- China has enacted Announcement 11 to clarify several significant issues on tax treaties clauses:
- Permanent establishments (PEs)
- Partnership enterprises
- Shipping and air transport
- Artists and athletes
- The new rules have taken effect from 1 April 2018.
China's State Administration for Taxation (SAT) has issued Announcement 11 to clarify the following tax issues. It is believed that ambiguity and inconsistency in some tax treaty clauses has driven the need for clarification.
1. Permanent establishments (PEs)
- For some time, two different
China-day thresholds have been used in China's tax treaties for
determining PE presence in China for labour services, i.e. 183 days
or six months in any twelve-month period.
Announcement 11 has declared an end to the twin approaches, and adopted 183 days as the threshold for all tax treaty implementation. The distinction between these two approaches is summarised below:
As a matter of fact, the six-month approach has gained less popularity nowadays due to its widely criticised pitfall in PE determination - one day's presence in China within one calendar month could be counted as one month. The overall shift to the 183 days approach should be welcome by taxpayers.
- Announcement 11 also mandates that PE is considered constituted by any premises used for educational activities by a China-foreign academic programme or an insitution without a legal person status. In other words, the length of presence in China by expatriates staff is no longer relevant for PE assessment.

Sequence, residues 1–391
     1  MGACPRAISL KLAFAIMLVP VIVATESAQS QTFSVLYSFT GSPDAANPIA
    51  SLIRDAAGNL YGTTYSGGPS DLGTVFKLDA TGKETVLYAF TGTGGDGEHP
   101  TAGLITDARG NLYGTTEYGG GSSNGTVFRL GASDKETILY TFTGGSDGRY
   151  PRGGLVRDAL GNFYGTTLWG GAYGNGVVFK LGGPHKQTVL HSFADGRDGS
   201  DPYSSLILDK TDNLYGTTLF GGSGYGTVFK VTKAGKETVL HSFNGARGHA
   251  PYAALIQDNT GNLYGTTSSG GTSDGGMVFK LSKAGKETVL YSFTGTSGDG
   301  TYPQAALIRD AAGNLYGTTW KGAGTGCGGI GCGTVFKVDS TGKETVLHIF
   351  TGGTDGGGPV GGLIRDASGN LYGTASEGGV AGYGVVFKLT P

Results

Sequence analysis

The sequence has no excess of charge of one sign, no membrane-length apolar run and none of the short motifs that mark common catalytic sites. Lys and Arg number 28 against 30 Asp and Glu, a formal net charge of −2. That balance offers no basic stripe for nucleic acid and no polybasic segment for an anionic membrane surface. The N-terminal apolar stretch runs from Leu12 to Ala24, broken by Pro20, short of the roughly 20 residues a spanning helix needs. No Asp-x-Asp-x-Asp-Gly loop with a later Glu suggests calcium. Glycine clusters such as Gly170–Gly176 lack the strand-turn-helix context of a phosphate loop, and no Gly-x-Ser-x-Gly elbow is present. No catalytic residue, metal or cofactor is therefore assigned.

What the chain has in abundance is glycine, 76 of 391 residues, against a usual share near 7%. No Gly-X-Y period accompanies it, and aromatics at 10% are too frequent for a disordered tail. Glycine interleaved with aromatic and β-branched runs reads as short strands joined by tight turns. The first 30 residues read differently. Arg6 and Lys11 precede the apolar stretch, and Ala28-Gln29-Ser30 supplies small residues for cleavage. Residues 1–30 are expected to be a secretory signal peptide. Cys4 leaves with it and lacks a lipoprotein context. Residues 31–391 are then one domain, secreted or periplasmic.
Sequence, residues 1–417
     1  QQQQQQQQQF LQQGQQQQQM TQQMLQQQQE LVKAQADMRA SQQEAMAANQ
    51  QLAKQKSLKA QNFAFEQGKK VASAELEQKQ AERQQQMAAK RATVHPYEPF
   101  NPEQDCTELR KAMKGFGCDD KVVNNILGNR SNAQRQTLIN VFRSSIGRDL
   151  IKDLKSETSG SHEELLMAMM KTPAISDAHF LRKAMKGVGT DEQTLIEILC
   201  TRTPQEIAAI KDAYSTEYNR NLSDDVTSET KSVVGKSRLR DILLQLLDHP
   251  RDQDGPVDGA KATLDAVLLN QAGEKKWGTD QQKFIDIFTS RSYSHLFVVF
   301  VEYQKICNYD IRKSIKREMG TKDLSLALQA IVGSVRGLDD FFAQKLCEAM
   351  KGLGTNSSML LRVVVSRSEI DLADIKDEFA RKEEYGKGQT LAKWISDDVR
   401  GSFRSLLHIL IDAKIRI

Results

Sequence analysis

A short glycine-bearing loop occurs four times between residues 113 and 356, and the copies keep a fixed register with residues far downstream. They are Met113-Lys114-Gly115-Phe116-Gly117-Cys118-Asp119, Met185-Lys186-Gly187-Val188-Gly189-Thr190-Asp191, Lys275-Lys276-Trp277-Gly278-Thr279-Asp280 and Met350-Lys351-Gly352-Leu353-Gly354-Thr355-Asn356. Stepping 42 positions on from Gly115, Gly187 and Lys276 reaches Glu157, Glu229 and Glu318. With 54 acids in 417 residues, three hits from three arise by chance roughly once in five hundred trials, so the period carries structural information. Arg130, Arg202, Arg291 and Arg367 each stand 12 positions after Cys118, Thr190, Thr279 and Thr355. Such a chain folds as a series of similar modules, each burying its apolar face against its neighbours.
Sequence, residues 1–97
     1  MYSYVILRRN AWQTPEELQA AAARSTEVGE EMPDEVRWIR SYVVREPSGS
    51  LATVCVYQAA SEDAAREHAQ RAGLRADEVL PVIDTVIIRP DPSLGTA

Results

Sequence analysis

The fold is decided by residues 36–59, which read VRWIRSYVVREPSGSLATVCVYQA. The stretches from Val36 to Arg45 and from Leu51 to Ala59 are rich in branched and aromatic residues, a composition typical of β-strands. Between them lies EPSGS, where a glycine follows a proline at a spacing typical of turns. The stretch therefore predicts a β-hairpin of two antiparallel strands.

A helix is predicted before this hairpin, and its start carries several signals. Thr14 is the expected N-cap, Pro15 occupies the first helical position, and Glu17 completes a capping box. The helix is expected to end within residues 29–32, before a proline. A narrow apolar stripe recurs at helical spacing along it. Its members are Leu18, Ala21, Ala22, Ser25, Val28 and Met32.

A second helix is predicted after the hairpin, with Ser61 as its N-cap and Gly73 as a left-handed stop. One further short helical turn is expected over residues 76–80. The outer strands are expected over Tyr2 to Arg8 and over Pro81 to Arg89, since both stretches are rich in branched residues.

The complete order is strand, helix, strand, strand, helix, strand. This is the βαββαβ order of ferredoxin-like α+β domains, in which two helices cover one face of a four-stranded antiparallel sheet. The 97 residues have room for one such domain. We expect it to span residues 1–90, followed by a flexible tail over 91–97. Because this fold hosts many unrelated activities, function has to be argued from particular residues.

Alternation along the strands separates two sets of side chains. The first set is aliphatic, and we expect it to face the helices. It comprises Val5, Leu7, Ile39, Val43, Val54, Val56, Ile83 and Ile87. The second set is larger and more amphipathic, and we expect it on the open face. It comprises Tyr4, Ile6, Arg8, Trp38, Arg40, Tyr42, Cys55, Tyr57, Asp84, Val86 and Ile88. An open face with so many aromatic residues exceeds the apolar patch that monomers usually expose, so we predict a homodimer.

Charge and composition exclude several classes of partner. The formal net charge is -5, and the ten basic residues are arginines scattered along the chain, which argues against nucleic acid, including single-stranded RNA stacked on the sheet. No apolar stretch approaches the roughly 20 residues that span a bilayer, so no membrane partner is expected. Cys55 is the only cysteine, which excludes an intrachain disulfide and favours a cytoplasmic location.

2. Partnership enterprises
- Announcement 11 clarifies how
partnership should be treated by the following manners:
- We illustrate what the new rule means
in three cases below whereby an individual (called "A")
is a partner to a partnership enterprise (called "B"),
and a country (called "C") has concluded a tax treaty
with China. A and B are bound by some conditions mentioned below if
intending to enjoy tax treaty treatments:
- A, an overseas individual and a partner to a Chinese partnership enterprise, can enjoy tax treaty treatments, if A is a resident in country C, and his China-souced income is taxable in C;
- B, an overseas partnership enterprise, can enjoy tax treaty treatments, if B is a tax resident in C;
- A, a tax resident in C and a partner
to an overseas partnership enterprise in C, can enjoy the tax
treaty treatments for his China-sourced income, if:
- The tax treaty allows A to enjoy tax treaty treatments for his income from a partnership enterprise; and
- A's home country regulates that the income of a partnership enterprise is deemed as income to A.
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